Come tour wonderful Natchez homes

Published 12:05 am Friday, November 28, 2014

No “Bah Humbugs” will be allowed at Friends of the Library Christmas Tour of Homes on Sunday, Dec. 7, from 2 to 5 p.m.

We guarantee to get you in the mood to “deck the halls” as you tour homes seldom open to the public.

Tickets are $15 for one or $25 for two and and may be purchased in advance at the Library or Natchez Pilgrimage Tours at the Visitor’s Center and at any home on Dec. 7.

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The three homes on tour this year, as always, tell rich and varied stories of Natchez, past and present. A huge thank-you goes to Mimi Miller for assistance with historical background.

The Callon House, 104 Old Plantation Road, is an example of the “suburbs” built in the early 1960s as Natchez grew beyond downtown. Karen and Fred Callon have a long tradition of collecting Christmas decor and decorating their beautiful homethroughout. Their home sits on six acres that was part of the Grand Village of the Natchez Indians. During the 1800s, the area was part of Fatherland plantation, home to some of the wealthiest members of the planter society. During the time of Adam L. Bingaman, it was famous for training throughbred race horses, a passion that ultimately lead to the loss of his fortunes. During his heyday, Adam was a gifted orator and served as both Speaker of the House and president of the Senate in the Mississippi Legislature.

Highpoint, home of Fran and Wilton Nolan, at 215 Linton Ave., houses amazing collections from their world travels. It is hard to decide what to look at next as you move from room to room. Baskets, china, pipes, belt buckles, pottery (Roseville, Van Briggle, salt glaze, crocks, churns, pitchers, authentic reproductions from Greece, Korean Celadon), glassware (Fenton, crystal, American Fostoria, doeskin), German steins and mugs, wooden boxes and bowls, wood carvings, butter molds, Hummel figurines, bronzes, and Andrea birds. There are more than 40 original paintings or drawings.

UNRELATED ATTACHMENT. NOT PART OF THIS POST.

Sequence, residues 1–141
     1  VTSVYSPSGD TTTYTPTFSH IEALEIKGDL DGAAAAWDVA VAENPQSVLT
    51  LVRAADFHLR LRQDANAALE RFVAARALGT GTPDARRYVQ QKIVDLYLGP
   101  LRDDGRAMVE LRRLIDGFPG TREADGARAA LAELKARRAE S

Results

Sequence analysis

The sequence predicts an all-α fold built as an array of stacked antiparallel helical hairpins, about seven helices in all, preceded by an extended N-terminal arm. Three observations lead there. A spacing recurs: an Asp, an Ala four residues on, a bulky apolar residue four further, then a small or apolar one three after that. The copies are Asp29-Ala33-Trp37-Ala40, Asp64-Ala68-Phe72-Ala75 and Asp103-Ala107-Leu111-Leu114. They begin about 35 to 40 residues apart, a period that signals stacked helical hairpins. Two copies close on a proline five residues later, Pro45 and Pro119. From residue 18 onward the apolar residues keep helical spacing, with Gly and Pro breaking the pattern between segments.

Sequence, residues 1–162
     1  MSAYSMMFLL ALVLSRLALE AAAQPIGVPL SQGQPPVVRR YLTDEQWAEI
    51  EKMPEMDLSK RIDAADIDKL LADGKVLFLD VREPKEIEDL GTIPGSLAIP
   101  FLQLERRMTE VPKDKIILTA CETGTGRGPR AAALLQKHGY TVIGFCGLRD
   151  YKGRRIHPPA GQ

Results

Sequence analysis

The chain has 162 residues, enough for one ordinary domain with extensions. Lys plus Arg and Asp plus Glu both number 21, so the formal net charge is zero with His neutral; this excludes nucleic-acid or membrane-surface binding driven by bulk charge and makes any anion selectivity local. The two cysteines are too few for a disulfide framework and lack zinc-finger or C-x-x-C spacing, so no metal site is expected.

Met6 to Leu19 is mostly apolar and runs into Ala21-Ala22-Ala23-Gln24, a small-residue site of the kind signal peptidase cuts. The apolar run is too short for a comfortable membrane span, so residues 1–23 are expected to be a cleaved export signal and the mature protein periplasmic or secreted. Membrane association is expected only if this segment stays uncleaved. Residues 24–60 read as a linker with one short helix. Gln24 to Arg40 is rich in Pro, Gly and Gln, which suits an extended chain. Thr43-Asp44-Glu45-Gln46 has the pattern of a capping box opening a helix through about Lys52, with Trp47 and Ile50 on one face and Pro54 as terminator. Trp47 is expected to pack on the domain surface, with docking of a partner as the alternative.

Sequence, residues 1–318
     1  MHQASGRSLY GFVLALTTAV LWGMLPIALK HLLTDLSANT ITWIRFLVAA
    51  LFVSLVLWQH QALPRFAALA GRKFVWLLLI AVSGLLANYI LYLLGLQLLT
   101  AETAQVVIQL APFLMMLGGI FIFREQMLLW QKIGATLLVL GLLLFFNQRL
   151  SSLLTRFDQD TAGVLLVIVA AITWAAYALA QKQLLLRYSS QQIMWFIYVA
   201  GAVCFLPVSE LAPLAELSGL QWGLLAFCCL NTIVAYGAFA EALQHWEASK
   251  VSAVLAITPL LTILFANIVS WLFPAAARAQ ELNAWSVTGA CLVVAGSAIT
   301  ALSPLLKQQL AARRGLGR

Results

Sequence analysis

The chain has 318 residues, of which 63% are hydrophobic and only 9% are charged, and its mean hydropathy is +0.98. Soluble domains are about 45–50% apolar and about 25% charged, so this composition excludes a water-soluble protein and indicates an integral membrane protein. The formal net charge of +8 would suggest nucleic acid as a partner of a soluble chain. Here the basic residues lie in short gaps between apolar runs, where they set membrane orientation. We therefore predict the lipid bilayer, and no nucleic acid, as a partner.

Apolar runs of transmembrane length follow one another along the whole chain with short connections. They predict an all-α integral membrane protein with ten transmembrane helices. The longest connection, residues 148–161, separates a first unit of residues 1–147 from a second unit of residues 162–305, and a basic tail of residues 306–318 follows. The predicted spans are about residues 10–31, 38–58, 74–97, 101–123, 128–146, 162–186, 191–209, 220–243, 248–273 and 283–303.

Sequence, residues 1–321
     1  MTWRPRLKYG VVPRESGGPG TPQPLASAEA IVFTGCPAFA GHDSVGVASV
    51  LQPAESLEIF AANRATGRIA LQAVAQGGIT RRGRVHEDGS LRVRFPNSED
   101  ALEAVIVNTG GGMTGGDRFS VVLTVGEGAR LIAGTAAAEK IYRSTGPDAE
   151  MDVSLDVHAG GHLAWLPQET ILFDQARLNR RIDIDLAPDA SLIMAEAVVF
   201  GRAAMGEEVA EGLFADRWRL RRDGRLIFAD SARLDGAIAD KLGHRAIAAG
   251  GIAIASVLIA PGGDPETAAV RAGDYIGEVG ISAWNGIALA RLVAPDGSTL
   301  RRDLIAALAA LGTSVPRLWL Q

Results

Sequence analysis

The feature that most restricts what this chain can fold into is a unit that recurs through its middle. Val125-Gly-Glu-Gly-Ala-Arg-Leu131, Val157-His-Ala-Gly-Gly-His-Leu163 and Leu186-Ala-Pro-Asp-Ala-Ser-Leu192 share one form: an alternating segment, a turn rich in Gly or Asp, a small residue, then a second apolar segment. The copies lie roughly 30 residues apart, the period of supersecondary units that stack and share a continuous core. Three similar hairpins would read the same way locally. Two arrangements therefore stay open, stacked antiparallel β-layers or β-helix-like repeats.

The Jackson House at 606 N. Union St., is a significant example of the Colonial Revival style built in the old northern suburbs.  Despite conversion to apartments in the mid-20th century, the house retains most of its original millwork and parquet floors.

Earnest Jackson, a merchant and planter, was also involved in civic and commercial enterprises.  In 1901, he was elected to the Board of Directors of the Natchez Electric Street Railway Company. In 1902, Jackson was on the board that organized the Natchez Delinter Company, a textile manufacturing operation.  In 1914, Jackson and T. R. Barber incorporated the Jackson Construction Company.  In 1916, “Earth Mover and Road Builder” magazine noted that “Mr. E. H. Jackson, Natchez, is recovering from quite a siege of sickness.”

The Jacksons resided there until their deaths.  Pearl died in 1938 and Earnest in 1946.  The house was divided into apartments and used as rental property until its restoration by Dan and Jan Shiells, residents of Santa Barbara, California and Natchez.  Dan first came to Natchez as an archival intern in a program of the Historic Natchez Foundation and California State University, Northridge.  Thanks to them for restoring Natchez treasures.

Unfortunately, the Pate House will not be open for this year’s tour but they are already signed up for next year.

All proceeds support library programs. Get into the holiday spirit and help a good cause.

There are many things going on this weekend so put on your track shoes and support all the groups. Get in the holiday spirit.

For additional information, see websites at, or or call 601-445-8862.


Maria Bowser is president of the Friends of the Library.